Sunday, 7 December 2008


No... not the aging british cruise liner but the 'next big idea' of the worlds central bankers:

ECB cuts to 2.5pc and mulls "printing money"

I try to find a bit of light reading for a sunday evening - this article is so good that i intend to cut n paste the whole thing....

The European Central Bank has slashed interest rates by three-quarters of a point to 2.5pc in the boldest move since the launch of monetary union and hinted at revolutionary action to head off a severe slump next year as the economic crisis ravages the car, steel, and machine tool industries.

Revolutionary action - i very much doubt that!

"Tensions have increasingly spilled over from the financial sector to the real economy," Jean-Claude Trichet, the ECB's president, said. He added: "Global and euro-area demand are likely to be dampened for a protracted period of time."

Poor old Trichet is feeling tense as people in the 'real' world are finding out that from now on things will be a bit 'damp' !

Sweden's Riksbank went even further, stunning the markets with a cut of 175 basis points to 2pc. The Swedish authorities are deeply alarmed by the collapse of vehicle sales at Volvo, as well as the large exposure of Swedish banks to the property crash in Eastern Europe
"We're moving towards a world of zero rates in Europe and the G10 countries, perhaps as soon as the second half of next year," said Michael Klawitter, a strategist at Dresdner Kleinwort.

Zero rates... or zero work?

Mr Trichet said the eurozone is likely to contract by 0.5pc next year amid a "hardening" of the credit markets. This is a dramatic reversal from the ECB's forecast of an economic rebound published in September. The bank has undoubtedly been startled by the latest PMI confidence data, which has a good record as a leading indicator and is now pointing to a brutal contraction of 2.7pc year-on-year in early 2009.

Startled? wtf... they havn't a clue. Economic rebound my @$$.

In France, President Nicolas Sarkozy unveiled a €26bn (£22bn) stimulus package of tax cuts and state spending to fight unemployment. It includes €1bn in loans for the French car industry, which is shutting a string of plants for up a month to clear an unprecedented glut of unsold vehicles. The state will build 100,000 new homes to keep construction alive.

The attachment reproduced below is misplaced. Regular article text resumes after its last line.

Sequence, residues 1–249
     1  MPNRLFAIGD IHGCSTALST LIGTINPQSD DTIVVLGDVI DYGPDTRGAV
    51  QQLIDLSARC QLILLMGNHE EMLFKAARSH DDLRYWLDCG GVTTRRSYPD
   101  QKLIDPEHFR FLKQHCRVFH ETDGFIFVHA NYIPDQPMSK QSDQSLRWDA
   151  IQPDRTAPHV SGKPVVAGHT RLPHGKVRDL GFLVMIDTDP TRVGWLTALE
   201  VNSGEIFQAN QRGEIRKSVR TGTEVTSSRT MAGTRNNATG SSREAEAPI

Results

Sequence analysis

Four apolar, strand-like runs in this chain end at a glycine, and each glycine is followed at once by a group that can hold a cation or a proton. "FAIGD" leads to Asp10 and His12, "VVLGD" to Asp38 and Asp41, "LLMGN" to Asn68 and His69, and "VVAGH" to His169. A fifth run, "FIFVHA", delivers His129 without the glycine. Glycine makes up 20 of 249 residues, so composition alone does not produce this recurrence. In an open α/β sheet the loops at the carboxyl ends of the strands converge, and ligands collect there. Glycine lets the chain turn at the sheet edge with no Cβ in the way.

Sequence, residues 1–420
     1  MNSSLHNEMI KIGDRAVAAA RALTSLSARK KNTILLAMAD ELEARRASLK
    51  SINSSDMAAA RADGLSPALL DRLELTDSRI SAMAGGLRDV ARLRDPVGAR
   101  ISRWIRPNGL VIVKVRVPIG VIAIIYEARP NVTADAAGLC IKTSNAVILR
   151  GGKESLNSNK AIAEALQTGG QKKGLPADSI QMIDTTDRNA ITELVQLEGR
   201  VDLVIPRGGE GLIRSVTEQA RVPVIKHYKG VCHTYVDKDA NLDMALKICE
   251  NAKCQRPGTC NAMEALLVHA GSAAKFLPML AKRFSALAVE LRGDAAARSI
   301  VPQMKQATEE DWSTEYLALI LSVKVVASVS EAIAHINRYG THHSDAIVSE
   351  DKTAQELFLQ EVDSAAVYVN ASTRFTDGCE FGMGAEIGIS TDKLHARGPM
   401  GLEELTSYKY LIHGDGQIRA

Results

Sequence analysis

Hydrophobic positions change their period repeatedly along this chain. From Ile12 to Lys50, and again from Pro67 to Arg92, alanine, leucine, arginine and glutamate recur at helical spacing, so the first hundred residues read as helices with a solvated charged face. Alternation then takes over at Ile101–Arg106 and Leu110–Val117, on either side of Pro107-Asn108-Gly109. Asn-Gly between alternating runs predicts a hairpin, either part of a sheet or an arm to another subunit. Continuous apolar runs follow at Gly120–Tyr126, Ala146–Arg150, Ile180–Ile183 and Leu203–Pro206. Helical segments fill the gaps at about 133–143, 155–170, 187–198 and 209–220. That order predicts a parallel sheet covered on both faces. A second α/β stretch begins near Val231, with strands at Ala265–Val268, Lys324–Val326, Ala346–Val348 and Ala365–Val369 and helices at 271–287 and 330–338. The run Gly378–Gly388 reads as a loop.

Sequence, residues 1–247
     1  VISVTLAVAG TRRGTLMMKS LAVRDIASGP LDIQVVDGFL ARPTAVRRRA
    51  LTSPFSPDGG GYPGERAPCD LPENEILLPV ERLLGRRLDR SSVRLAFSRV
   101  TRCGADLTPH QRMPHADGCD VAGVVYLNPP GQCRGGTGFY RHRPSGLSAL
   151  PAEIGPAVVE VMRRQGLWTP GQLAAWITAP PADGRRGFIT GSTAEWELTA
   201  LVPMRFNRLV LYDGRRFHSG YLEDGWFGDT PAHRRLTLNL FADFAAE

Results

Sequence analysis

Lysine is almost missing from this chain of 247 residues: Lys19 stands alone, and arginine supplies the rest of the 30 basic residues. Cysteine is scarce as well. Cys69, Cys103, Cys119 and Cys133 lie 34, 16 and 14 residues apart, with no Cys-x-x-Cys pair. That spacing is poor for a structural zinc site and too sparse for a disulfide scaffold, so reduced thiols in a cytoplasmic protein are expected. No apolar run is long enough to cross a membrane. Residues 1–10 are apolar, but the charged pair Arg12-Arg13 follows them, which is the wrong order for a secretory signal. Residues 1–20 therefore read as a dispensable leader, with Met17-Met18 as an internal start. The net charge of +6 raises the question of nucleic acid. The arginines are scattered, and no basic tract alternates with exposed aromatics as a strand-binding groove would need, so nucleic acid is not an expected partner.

Mr Sarkozy said the goal of restoring France's dilapidated public finances to good order could wait for better times. "Not doing anything now would have cost us much more. We're not going to sacrifice the present for the future. This crisis is an ordeal, a painful ordeal and a terrible ordeal, but we have to keep faith," he said.

The financial crisis is turning all religious for the French - painful ordeals and sacrifice all round.

Italy needs a stimulus package even more badly but is having to tread with care as markets fret over some €200bn of Italian state debt that must be rolled over next year. The yield spread on 10-year bonds has risen to 123 basis points over German Bunds. Giulio Tremonti, Italy's finance minister, insisted yesterday that state bonds were at no risk. "Buy them. They are absolutely solid".

Go on... go ahead and buy them... you can always trust the word of a politian.

Mr Trichet signalled for the first time that the bank is considering some form of "quantitative easing" (QE), the term used to describe the emergency measures pioneered by Japan during its Lost Decade and now being adopted by the US Federal Reserve.
"We are supplying liquidity on an unlimited basis. We will continue to look very carefully at the situation of the market and if needed we will take new decisions," he said, when asked about QE measures.

Here we are - QE - also known as printing more money - now apparently on an unlimited basis. Just so you know.

Julian Callow, Europe economist at Barclays Capital, said the ECB had been caught off guard as the crisis gathered pace this year but is now beginning to catch up. "They are still being too hesitant given the gravity of what is happening. Even so, it seems they are now preparing for quantititave easing and undoubtedly have other tricks up their sleeve," he said.

Yes far too hesitant... lets get on with it!! QE will do the trick. If not the conjuror will never fail to amaze!

The Maastricht Treaty prohibits the ECB from injecting stimulus by purchasing the government debt of the eurozone's fifteen states debt – a method known as "monetizing the deficit", or more crudely as "printing money".

Welcome to Weimar World - where wheelbarrows are wallets. Monetize. You know it makes sense.

But it can achieve the same effect by mopping up sovereign debt, mortgage securities, or even company debt on the open market, as the Fed has already begun to do. At the moment the ECB accepts some of these assets as collateral in exchange for loans, but it has not yet hit the atomic button by buying them outright with its own freshly-minted fiat money.

Ahhh... at last - the magic words fiat money... and the one big question no ones talking about - where does all this money come from? Watch this for some of the answers.


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